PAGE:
Krawcheck says Citigroup uses the same approach: “A particular example might be a private bank real-estate client from Hong Kong with children who were educated and are now living in the U.S., and operating parts of the [family] business from the West Coast.” Generally there will be one lead banker for the family, but this banker will split the business with his teammates, she says. “A Smith Barney example could be a U.S. client who is relocating to Asia, and we would team the client with a local professional for services.”

Krawcheck also notes that Citigroup's operations abroad have allowed the firm to offer special perks to certain clients, like organized trips. “One thing that we did for some of our most significant clients was right after Labor Day. We took a group of those clients — no more than 40 from all over the world, including the United States — to China where they met senior leaders, senior regulators, senior government officials that we at Citi, given our presence in China, were able to access — which had enormous impact for the folks who were there.”

Morgan's Wiggins offers another indirect benefit: The growth opportunities in wealth management are overseas, and “U.S. financial advisors benefit from a business that is profitable, growing and thriving. When this is the case, there are more resources to invest in technology and other infrastructure, product development, and of course, employees benefit as shareholders,” he says.

INVESTMENTS ABROAD: BRICKS AND HEADS

Merrill Lynch's current wealth-management investments in Asia are heavily concentrated on India, where it plans to hire more than 300 new advisors over the next two years. The firm is on the ground in New Delhi, Mumbai, Chennai, Bangalore and Kolkata, with offices slated to open this year in Jaipur, Hyderabad, Chandigarh, Ahmedabad and Pune. UBS is also planning a domestic presence in India “subject to getting the necessary regulatory approvals,” says Allen Lo, deputy head of UBS Wealth Management. Morgan Stanley is planning to become a serious presence in India this year as well, starting out in Mumbai, Delhi and Calcutta, and focusing on clients with assets of $1 million or more, according to Leslie Menkes, a Singapore-based managing director for the Wall Street bank's private wealth-management arm. It will be the firm's first “onshore” wealth-management operation. Morgan is seeking to hire 100 private bankers in the country over the next four years, and to grow assets under management to $1 billion in the next three years, Menkes told attendees at a Reuters Wealth Management Summit.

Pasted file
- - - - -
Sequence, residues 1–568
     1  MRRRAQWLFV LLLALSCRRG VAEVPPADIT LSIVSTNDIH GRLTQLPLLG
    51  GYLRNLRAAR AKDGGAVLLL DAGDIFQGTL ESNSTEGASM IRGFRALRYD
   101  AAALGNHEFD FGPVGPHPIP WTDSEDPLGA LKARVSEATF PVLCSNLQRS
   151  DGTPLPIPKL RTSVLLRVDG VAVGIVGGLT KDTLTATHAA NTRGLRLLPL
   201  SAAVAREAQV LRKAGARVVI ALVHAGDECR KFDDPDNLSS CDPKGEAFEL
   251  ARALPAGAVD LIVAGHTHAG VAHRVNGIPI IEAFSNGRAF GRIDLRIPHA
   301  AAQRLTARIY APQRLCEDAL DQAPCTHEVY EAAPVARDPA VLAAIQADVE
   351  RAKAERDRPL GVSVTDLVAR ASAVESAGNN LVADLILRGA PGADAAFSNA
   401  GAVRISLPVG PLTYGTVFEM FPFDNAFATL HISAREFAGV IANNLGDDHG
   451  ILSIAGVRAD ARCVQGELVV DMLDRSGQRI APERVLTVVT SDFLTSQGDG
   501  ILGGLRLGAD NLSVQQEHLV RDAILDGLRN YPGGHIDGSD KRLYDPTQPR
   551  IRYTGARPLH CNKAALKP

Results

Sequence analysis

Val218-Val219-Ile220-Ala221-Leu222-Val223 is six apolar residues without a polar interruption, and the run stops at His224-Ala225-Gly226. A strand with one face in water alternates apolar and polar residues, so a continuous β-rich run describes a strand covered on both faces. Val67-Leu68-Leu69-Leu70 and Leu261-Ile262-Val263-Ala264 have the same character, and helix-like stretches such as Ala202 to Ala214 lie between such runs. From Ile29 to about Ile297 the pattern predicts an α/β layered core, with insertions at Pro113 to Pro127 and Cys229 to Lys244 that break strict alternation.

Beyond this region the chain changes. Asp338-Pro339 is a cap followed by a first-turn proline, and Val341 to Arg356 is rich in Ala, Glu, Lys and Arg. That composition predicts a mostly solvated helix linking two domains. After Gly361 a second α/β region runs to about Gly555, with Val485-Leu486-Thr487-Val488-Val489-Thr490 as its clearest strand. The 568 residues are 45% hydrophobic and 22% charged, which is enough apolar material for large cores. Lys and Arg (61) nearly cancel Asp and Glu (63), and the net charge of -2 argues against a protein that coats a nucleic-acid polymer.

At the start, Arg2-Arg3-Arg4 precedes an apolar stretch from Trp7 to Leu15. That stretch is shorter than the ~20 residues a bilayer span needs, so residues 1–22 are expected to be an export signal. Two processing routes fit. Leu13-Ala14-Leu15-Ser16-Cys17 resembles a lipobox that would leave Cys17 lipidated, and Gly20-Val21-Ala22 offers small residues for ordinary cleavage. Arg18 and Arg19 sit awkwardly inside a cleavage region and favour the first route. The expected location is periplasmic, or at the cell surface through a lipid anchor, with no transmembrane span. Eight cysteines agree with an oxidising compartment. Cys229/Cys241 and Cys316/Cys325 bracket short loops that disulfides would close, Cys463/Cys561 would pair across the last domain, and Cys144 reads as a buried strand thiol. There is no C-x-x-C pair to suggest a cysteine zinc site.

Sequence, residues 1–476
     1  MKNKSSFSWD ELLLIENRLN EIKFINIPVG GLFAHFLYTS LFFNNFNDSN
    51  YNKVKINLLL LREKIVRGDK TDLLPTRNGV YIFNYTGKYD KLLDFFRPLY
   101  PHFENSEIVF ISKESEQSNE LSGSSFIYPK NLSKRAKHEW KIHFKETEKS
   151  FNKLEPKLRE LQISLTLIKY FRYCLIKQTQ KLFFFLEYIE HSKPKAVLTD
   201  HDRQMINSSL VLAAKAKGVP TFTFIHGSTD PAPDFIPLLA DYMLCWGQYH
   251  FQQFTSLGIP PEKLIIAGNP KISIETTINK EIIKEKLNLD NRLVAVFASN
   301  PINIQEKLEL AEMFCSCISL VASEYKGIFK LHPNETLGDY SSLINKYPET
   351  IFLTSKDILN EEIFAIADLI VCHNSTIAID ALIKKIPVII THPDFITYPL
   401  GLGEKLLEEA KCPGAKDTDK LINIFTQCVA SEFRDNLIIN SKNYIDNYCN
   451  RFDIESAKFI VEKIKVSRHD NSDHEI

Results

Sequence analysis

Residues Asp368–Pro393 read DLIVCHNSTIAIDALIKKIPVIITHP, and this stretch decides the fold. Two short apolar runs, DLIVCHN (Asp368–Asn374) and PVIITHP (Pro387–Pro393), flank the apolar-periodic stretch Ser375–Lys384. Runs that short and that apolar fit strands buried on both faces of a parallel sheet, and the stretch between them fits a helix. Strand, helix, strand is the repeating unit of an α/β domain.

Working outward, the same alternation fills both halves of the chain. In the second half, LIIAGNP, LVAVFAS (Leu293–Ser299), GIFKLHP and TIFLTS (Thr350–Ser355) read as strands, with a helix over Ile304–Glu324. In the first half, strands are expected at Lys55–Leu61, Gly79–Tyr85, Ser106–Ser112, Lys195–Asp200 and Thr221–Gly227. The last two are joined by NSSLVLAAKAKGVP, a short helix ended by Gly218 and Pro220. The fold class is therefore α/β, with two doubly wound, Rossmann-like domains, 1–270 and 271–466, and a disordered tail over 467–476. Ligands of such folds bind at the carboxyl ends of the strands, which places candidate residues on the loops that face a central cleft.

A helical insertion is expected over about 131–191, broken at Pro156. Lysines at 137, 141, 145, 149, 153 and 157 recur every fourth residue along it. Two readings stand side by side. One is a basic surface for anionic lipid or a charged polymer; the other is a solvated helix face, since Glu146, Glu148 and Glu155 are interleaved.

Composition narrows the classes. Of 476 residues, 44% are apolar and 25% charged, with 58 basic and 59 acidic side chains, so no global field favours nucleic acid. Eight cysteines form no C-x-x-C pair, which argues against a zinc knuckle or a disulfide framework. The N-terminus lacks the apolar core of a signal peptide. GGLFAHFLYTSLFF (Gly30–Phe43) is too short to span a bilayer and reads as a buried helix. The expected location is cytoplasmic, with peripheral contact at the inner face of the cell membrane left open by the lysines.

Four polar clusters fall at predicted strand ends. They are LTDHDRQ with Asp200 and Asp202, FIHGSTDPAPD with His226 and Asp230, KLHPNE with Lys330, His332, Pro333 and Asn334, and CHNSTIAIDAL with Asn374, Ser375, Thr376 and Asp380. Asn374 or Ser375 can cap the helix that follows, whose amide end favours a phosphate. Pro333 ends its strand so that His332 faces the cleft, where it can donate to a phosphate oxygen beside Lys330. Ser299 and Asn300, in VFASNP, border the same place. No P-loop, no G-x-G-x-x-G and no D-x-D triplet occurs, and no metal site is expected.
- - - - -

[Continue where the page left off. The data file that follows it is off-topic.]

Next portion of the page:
India is a hot spot for investment in wealth-management operations for a number of reasons. First, it is one of the highest growth countries in terms of high-net-worth individuals. Second, it has more local talent than some other emerging markets, according to Ted Wilson of the wealth-management consultancy Scorpio Partners. “There's an enormous middle class in India, and they have an excellent education system and they study extremely hard, so there's a massive pool of highly educated English-speaking talent available,” Wilson explains. It is also a good place from which to serve Middle-Eastern clients, because it has more Shariah-compliant products listed on its Bombay (BSE Index) and National (NSE Index) stock exchanges than do most Muslim countries combined, according to local media reports, including the Asia Times online.

But some of the big firms have opted to manage their Asian and/or global emerging-market retail clients from established operations in Singapore. One private bank with a strong commitment to the possibilities in Singapore is Citi Global Wealth Management International. In April of 2007, Krawcheck nominated Deepak Sharma to head Citi's worldwide operations from Singapore. Sharma was formerly Citi's head of wealth management for Asia and the Middle East. Goldman Sachs also recently relocated David Ryan from Hong Kong to Singapore, from which he will oversee the firm's investment banking, wealth management and private-equity businesses for the Asia region. One reason Singapore is popular with the financial firms is because many very wealthy Middle-Eastern and Indian investors use the city-state as a tax-free haven. But more importantly, Singapore's government is making a huge play for wealth-management businesses, looking to turn the country into a wealth-management hub for Asia and the world akin to Switzerland. It has even created a private-banking training program at Singapore Management University — launching a Master of Science in Wealth Management in 2003.

So far, growth in the other two BRIC countries — Russia and Brazil — has been somewhat slower going. Recently Merrill acquired 10 percent of Russia's TRUST Banking Group, and is considering launching new offices in Moscow and Kiev over the next three years. Prior to that, UBS opened up an onshore wealth-management office in Moscow in the summer of 2006, and Deutsche Bank did the same in 2003. This is partly because Russian wealth is still held largely offshore, according to a white paper titled, “The Private Banking in Russia Survey,” by PricewaterhouseCoopers, which predicts Russia's private-banking sector will grow from 30 to 50 percent annually over the next several years. “As of fall 2006, only between $10 billion and $12 billion in private funds were being managed in Russia, with another $250 billion to $300 billion parked offshore,” according to the PricewaterhouseCooper's study. In general, banks seem to be directing their focus in Russia to establishing corporate and consumer banking and trading operations. Many are waiting for the political climate to improve before establishing private-banking offices.